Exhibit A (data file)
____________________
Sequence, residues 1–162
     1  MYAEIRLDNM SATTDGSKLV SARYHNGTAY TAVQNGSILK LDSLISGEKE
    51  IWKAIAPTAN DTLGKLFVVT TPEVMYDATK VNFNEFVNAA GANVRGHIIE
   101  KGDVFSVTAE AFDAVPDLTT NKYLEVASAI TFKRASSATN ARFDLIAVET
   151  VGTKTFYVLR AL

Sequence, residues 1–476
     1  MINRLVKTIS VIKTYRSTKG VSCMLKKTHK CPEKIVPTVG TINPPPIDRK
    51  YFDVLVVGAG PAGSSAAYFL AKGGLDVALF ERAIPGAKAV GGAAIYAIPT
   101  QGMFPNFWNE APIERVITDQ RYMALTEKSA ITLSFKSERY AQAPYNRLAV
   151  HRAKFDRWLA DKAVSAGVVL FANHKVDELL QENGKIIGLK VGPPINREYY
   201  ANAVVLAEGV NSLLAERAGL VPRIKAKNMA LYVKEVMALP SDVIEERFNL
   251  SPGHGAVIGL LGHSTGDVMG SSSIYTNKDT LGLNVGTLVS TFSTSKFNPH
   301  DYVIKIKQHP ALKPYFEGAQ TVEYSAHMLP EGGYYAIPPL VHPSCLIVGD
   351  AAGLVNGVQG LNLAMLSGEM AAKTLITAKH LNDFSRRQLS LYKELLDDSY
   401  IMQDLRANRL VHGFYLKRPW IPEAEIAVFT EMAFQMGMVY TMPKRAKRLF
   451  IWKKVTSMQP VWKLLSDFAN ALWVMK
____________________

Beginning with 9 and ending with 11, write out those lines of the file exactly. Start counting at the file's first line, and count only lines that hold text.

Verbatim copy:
   101  QGMFPNFWNE APIERVITDQ RYMALTEKSA ITLSFKSERY AQAPYNRLAV
   151  HRAKFDRWLA DKAVSAGVVL FANHKVDELL QENGKIIGLK VGPPINREYY
   201  ANAVVLAEGV NSLLAERAGL VPRIKAKNMA LYVKEVMALP SDVIEERFNL